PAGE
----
Feeds:
Posts
Comments

Archive for June, 2017

poem is on barstool in foreground

 

Things

by Fleur Adcock

There are worse things than having behaved foolishly in public.
There are worse things than these miniature betrayals,
committed or endured or suspected; there are worse things
than not being able to sleep for thinking about them.
It is 5 a.m. All the worse things come stalking in
and stand icily about the bed looking worse and worse and worse.

 

 

Just a reminder of a few Things before the start of the holiday weekend so you won’t have Worse Things to deal with come Monday (or Wednesday if you’ve got a long break).

Poet Fleur Adcock was born in 1934 in Auckland, New Zealand, but spent World War II in England. She moved back to New Zealand to attend university, and then made her career as a librarian in London before turning to writing and translating full-time.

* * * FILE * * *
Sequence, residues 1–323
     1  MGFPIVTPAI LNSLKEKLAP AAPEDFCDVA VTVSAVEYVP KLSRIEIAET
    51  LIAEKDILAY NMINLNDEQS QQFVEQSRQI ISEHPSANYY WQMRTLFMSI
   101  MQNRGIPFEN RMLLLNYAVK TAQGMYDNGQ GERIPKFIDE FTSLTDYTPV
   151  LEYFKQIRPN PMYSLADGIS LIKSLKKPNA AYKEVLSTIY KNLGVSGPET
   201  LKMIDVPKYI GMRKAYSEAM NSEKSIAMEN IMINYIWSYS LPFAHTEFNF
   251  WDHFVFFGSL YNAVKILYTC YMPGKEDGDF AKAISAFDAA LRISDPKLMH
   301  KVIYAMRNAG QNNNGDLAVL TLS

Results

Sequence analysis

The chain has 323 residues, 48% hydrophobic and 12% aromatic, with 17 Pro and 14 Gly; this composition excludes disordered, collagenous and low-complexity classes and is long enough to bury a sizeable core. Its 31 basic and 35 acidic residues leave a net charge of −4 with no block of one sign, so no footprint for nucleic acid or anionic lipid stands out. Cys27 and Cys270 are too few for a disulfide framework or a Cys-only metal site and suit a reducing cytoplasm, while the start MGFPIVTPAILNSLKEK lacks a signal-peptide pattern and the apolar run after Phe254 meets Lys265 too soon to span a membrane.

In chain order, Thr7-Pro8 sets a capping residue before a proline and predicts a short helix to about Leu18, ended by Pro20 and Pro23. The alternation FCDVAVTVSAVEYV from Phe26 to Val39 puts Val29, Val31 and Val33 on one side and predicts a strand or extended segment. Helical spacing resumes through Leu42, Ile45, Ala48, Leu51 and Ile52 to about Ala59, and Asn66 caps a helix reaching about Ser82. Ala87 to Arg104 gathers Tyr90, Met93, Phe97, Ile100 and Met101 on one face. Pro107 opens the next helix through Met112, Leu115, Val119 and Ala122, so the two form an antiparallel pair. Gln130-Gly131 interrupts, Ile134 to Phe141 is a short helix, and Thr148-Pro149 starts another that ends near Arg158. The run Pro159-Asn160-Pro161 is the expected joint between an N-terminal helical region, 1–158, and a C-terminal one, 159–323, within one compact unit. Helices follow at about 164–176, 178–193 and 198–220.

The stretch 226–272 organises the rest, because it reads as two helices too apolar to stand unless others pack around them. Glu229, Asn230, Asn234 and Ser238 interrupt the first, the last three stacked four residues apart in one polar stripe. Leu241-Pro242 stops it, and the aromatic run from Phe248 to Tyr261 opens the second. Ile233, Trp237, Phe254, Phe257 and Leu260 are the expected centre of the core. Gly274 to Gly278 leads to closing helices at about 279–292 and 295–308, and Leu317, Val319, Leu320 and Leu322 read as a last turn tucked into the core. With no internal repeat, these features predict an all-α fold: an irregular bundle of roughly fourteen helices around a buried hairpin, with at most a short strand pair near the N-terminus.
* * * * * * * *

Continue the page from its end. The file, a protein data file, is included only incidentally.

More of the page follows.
Although this poem falls under “light verse,” her other work does not, and she has won many awards, among them the very grand-sounding “Queen’s Medal for Poetry.”

 

For a droll profile of this very English poet, link here.

 

Happy Fourth of July, everyone!

Read Full Post »

poem is on vault door

 

The Door

by Franz Wright

 

Going to enter the aged horizontal cellar door

 

(the threshing leaves, the greenish light

of the approaching storm)

 

you suddenly notice you’re opening the cover of an

enormous book.

 

One that’s twice as big as you are—

 

but you know all about that:

 

the groping descent alone in total darkness,

 

toward—what?

 

You know what you’re looking for, and you forget, and

maybe you have no idea

 

yet. But you know something is down there, and a

light you need to find

 

before you can even begin to search . . .

 

I had lunch with my daughter in Detroit the other day, and she took me on a tour of the building where she’s interning, the historic Chrysler House. The highlight of the tour was the basement offices of dPop, a commercial interior design firm whose work is—